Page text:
Bringing Sensor Data Analytics To Insurance (InsurTech)

Bringing Sensor Data Analytics To Insurance (InsurTech)

A major development in the ever growing insurance and technology industry – known as InsurTech – is in the realm of sensory data analytics. Technology is improving such that a greater and more accurate range of data can be collected with regard to activities that are typically insured – the main and most obvious of these is obviously driving but more increasingly it is being expanded to day-to-day activities which are of interest to health and life insurance firms.

Many companies are now suggesting to individuals that they can get a lower cost of insurance if they install a sensor in their car for a period of time. If it shows that the driver is a careful and safe driver, less likely to have an accident, they will typically be offered a cheaper insurance policy.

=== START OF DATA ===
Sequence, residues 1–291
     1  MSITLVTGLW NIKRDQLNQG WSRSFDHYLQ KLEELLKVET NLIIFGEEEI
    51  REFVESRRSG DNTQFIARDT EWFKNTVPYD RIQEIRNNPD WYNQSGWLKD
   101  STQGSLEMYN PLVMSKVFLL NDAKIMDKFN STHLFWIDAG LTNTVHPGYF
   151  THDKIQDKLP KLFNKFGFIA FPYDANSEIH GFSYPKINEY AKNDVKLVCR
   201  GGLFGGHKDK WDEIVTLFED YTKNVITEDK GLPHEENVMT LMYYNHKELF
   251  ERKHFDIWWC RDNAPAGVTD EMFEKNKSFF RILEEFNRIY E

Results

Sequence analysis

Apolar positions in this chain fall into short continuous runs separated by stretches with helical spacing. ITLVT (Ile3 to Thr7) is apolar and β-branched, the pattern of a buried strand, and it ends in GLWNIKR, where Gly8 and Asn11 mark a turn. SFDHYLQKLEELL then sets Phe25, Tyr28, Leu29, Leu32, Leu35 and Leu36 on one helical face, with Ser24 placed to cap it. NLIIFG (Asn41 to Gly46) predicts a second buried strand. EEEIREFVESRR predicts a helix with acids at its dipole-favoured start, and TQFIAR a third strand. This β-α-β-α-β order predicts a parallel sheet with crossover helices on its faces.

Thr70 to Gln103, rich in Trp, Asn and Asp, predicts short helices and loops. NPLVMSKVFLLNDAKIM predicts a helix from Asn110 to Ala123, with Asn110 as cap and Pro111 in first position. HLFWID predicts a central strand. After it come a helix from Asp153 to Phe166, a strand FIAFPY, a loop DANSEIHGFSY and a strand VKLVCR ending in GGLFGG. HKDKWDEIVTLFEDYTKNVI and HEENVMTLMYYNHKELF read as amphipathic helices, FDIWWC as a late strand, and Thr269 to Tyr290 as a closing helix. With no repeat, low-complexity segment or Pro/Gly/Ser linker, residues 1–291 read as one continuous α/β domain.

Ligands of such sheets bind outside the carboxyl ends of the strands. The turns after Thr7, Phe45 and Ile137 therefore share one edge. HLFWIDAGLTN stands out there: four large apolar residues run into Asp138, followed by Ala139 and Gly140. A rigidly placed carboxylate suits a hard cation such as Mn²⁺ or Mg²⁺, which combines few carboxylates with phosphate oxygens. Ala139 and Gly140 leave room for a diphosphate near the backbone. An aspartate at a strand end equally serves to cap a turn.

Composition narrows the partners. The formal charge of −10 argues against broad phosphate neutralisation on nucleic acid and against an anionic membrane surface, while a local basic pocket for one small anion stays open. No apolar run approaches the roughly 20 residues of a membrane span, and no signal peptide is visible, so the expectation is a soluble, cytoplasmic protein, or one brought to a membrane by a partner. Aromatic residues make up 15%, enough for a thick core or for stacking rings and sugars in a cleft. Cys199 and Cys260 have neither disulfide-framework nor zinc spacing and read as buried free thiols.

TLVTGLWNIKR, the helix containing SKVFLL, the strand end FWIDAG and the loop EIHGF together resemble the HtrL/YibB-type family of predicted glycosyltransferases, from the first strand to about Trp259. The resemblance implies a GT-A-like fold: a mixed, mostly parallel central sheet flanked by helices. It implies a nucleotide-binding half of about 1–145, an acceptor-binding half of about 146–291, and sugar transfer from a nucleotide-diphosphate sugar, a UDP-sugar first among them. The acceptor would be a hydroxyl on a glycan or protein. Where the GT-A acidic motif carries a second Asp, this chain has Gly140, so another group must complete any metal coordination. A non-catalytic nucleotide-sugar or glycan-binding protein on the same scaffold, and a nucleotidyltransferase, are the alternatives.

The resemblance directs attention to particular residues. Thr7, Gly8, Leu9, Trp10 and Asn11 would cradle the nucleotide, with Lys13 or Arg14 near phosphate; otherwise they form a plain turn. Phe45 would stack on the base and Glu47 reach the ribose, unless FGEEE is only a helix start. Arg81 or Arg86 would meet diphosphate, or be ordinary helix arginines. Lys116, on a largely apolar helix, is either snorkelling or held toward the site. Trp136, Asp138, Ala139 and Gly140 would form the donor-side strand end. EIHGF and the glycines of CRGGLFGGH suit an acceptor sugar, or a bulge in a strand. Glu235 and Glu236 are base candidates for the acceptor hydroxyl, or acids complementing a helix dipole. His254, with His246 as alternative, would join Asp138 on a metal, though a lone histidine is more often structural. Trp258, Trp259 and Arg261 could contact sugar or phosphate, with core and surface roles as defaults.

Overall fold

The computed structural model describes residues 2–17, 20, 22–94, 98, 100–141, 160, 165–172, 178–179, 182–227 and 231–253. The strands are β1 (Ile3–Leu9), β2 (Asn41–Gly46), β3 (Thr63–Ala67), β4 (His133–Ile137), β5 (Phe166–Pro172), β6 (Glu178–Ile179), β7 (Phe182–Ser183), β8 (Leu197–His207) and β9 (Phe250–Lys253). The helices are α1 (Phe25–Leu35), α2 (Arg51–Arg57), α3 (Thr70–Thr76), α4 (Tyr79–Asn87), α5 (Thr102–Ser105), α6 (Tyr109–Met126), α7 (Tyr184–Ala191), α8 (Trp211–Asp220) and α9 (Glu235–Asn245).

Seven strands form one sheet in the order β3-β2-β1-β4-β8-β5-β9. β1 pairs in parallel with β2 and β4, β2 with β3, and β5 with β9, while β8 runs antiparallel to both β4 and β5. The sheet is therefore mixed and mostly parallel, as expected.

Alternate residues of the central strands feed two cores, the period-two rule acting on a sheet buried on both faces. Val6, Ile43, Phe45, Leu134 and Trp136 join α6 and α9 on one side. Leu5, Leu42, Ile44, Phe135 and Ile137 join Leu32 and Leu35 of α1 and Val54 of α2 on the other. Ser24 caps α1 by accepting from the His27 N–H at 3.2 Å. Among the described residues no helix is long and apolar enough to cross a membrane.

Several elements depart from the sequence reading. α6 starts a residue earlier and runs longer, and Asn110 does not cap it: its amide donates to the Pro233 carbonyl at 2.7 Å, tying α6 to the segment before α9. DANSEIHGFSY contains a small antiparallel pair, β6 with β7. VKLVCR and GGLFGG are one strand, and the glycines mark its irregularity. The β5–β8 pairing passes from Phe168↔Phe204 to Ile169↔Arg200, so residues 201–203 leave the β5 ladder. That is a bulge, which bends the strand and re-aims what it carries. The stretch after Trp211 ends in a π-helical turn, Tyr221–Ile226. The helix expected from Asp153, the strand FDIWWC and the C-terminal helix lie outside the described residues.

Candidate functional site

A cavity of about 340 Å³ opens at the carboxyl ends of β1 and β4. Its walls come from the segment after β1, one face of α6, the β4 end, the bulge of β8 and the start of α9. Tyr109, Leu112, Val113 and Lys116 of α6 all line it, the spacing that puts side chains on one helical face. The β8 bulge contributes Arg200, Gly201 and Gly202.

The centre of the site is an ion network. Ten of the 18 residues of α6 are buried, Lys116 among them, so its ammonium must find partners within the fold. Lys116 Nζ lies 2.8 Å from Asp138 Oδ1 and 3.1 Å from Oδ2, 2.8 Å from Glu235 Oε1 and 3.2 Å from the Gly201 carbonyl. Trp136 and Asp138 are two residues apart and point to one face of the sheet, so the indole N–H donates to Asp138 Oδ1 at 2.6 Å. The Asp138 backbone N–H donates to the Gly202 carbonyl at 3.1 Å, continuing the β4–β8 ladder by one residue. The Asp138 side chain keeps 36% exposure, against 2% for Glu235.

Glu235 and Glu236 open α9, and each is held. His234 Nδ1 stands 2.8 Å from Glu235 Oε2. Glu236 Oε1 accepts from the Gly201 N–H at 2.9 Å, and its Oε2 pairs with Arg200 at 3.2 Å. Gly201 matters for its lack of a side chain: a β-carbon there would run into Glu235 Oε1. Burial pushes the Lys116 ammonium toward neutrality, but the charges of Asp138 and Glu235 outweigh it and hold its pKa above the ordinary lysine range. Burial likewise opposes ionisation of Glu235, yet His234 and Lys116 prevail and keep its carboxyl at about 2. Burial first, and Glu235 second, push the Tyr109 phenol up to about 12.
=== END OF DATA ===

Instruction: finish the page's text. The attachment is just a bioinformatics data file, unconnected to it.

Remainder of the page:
Coverbox is one such firm that says it can keep the cost of car insurance down by using telematics. This is a form of data collection using a range of inputs which it collects all while driving and sends via satellite to Coverbox. They suggest that the data also helps drivers stay safe “and legal” on the road. The firm fits a so-called black box in the car, which tracks almost everything the car does from harsh cornering, speeding and aggressive driving maneuvers. It will even send results to your personal email address so you can assess your own driving and improve where necessary. Furthermore, the company points out that it can be a help in the event of an accident as it would show clearly whether you were driving dangerously prior to an incident.

This then can follow on to having an impact on the financial services industry because it feeds into the insurance sector. In theory, people can get better or lower insurance premiums due to more accurate data being collected. Obviously, it could run to a whole range of data and therefore types of insurance. Even life insurance, for example, could be included and this too could rely heavily on more in depth sensory data.